Indeed, looking at the Tesloop maintenance records, it seems Tesla service centers agree:
https://docs.google.com/spreadsheets/d/1HqBIOtNsYPalG51nAw_nubgskv4TQPGx8WhPZO4a_U8/edit#gid=0
Aero body panels, tires, brakes, suspension, batteries. No mention of fluid services.
If you're replacing the batteries, you are also replacing the battery coolant. And when they replaced the drive unit, they also replaced the fluid.
 

katwalk

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Even Teslas still have to have coolant and lubricant changes. Yeah, they don't have to have engine oil changes, but they still have other automotive systems that won't be disposable and will have to be serviced. You still have to flush the brake system every so often, etc.
Yeah a lot of stuff would stay the same. The entire joke with VW focusing on electric cars to make up for their diesel fail is that your average VW failure is something electrical like a faulty sensor or blowing out bulbs, which would also likely break on the electic ones.

Apparently cars are computery enough that half the service stuff done at the dealer that is done is Just Computer Stuff even with ICE though so you can probably get the basics down from the not electric ones.
 

prizrak

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Apparently cars are computery enough that half the service stuff done at the dealer that is done is Just Computer Stuff even with ICE though so you can probably get the basics down from the not electric ones.
With any modern car the amount of sensors and controllers is such that in 90% of the cases the first step is going to be hooking up a code reader, even if you don’t have a CEL (many codes don’t trigger one).
The stuff that computer wouldn’t help/be needed would be same on EV and ICE, suspension, brakes, alignment, etc...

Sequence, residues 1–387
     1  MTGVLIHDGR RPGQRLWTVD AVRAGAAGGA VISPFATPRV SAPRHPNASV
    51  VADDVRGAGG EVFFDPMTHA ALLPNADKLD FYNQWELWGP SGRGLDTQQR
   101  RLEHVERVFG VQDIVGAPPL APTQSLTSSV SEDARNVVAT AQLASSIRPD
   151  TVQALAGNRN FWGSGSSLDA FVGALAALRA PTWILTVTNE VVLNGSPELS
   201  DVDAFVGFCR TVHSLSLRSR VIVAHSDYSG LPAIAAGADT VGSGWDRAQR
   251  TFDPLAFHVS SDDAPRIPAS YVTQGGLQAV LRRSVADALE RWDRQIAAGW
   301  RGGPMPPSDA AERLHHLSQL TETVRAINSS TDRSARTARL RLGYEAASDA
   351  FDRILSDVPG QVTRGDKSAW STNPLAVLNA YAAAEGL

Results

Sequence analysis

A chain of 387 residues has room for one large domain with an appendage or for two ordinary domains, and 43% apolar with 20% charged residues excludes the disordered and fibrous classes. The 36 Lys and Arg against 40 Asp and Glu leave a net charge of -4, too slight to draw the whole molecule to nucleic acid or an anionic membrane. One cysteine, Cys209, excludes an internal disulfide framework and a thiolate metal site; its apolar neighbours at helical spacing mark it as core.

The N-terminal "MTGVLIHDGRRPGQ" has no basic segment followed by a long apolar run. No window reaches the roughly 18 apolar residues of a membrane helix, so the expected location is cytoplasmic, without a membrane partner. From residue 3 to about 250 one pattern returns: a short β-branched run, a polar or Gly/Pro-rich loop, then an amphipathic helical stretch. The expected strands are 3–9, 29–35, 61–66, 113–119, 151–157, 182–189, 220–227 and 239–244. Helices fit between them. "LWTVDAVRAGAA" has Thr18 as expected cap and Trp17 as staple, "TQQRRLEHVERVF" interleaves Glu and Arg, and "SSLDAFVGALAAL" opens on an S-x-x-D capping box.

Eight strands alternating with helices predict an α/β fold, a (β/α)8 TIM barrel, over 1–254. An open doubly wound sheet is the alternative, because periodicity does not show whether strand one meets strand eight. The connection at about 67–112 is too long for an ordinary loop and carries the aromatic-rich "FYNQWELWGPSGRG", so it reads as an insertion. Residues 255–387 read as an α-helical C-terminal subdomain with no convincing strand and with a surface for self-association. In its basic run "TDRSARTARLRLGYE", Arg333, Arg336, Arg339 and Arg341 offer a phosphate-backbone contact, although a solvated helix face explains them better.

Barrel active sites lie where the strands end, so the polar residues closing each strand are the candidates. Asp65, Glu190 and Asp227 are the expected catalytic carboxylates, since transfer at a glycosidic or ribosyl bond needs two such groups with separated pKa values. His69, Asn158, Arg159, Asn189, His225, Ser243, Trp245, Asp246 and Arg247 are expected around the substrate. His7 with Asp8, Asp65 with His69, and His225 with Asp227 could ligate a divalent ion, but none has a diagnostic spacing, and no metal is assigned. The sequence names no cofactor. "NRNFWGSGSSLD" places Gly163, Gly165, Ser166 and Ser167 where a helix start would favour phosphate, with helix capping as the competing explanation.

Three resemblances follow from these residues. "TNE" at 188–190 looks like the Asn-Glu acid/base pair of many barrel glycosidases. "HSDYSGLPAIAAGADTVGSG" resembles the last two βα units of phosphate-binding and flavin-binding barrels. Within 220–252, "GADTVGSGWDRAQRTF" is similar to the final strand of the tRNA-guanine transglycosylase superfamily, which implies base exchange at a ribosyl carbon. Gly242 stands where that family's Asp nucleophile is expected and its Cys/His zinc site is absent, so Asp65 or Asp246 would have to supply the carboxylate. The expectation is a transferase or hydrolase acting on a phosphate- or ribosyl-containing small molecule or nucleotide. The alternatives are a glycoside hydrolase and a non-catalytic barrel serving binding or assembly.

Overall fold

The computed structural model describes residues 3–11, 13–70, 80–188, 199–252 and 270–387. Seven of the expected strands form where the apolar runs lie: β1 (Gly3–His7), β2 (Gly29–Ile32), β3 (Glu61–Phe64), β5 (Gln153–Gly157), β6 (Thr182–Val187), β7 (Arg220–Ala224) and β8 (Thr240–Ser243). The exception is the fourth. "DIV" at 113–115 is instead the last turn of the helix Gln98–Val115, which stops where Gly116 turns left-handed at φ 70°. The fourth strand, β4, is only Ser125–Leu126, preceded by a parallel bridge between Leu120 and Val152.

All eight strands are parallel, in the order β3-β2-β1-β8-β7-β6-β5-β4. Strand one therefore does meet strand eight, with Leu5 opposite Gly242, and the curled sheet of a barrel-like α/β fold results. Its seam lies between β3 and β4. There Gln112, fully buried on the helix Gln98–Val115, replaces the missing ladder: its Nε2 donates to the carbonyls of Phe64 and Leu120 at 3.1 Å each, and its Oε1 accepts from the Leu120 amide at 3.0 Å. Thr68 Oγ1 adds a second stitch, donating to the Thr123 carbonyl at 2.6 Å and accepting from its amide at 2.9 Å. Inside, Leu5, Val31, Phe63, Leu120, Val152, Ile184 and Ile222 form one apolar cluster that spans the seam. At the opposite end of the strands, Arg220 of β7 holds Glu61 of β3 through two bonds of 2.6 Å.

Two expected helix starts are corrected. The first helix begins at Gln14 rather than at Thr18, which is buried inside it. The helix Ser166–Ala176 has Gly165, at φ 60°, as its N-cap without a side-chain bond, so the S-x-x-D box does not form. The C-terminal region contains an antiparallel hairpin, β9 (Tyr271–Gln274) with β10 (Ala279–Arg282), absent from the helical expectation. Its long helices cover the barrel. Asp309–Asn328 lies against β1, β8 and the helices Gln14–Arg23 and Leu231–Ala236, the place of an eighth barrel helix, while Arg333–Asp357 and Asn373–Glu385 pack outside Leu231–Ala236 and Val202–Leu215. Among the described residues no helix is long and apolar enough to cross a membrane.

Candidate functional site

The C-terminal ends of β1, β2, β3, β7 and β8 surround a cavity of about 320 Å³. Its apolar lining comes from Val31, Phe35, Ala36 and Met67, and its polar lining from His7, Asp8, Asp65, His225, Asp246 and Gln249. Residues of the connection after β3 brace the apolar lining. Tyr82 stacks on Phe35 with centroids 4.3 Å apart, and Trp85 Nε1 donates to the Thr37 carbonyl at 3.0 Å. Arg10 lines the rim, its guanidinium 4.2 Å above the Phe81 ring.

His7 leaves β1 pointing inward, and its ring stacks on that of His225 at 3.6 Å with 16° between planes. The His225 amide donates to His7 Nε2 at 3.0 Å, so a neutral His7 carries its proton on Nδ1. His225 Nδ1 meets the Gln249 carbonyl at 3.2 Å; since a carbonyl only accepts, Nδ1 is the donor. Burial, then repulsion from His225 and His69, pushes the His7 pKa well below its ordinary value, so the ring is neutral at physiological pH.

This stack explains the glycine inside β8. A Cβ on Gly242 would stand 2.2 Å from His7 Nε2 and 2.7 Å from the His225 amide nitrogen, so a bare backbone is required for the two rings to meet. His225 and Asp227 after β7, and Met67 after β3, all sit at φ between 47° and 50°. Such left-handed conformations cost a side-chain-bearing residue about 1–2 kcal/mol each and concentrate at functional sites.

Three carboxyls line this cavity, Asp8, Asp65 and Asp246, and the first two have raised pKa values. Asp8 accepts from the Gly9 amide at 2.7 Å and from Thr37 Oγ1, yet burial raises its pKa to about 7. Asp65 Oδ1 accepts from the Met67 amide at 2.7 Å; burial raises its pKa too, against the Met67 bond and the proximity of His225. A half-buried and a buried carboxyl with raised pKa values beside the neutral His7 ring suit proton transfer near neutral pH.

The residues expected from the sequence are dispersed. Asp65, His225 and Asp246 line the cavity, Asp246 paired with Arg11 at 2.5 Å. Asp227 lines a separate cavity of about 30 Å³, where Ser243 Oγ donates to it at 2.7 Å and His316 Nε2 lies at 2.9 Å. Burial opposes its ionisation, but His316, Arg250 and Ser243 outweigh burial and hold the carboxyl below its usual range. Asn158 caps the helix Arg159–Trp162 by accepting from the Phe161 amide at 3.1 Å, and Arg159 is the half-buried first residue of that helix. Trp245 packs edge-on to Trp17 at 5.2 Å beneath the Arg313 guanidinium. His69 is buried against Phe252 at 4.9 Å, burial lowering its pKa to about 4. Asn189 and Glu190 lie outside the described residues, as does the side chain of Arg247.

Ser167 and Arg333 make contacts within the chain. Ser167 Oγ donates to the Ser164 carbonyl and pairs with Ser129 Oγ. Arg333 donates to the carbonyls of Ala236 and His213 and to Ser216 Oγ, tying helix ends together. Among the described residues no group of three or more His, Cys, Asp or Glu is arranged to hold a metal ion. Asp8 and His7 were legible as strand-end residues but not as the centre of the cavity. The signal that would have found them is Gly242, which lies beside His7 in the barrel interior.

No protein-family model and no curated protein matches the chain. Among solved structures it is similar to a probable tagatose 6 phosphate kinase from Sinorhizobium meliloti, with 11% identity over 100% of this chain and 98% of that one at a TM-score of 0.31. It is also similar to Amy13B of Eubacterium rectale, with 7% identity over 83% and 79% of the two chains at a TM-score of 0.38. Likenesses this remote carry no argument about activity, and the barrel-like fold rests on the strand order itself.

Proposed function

katwalk

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Yeah though the person in my class who just got a job at nissan was full on complaining it was boring because apparently its not just read code then fix things, if they bring in a car for a tune up THAT is mostly digital even. Like they do maintenance on the computer itself even if nothing is broken i guess and sometimes that is the majority of the service now?
 

Spectre

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Yeah though the person in my class who just got a job at nissan was full on complaining it was boring because apparently its not just read code then fix things, if they bring in a car for a tune up THAT is mostly digital even. Like they do maintenance on the computer itself even if nothing is broken i guess and sometimes that is the majority of the service now?
There is still a lot of mechanical maintenance involved at car dealerships - but they're not exactly trusting newbie techs with a lot of the work. Your classmate is still in the one-step-above-porter range of tech until they get more experience and they won't be trusted with anything complex or heavy, so they're not seeing that kind of work yet.

It's de rigeur for a car that comes into a dealership for maintenance, such as an oil change or even a complimentary checkup, to get whatever software updates are outstanding for it.
 

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Yeah though the person in my class who just got a job at nissan was full on complaining it was boring because apparently its not just read code then fix things, if they bring in a car for a tune up THAT is mostly digital even. Like they do maintenance on the computer itself even if nothing is broken i guess and sometimes that is the majority of the service now?
Beats getting dripped on from snow packed under the car...
 

prizrak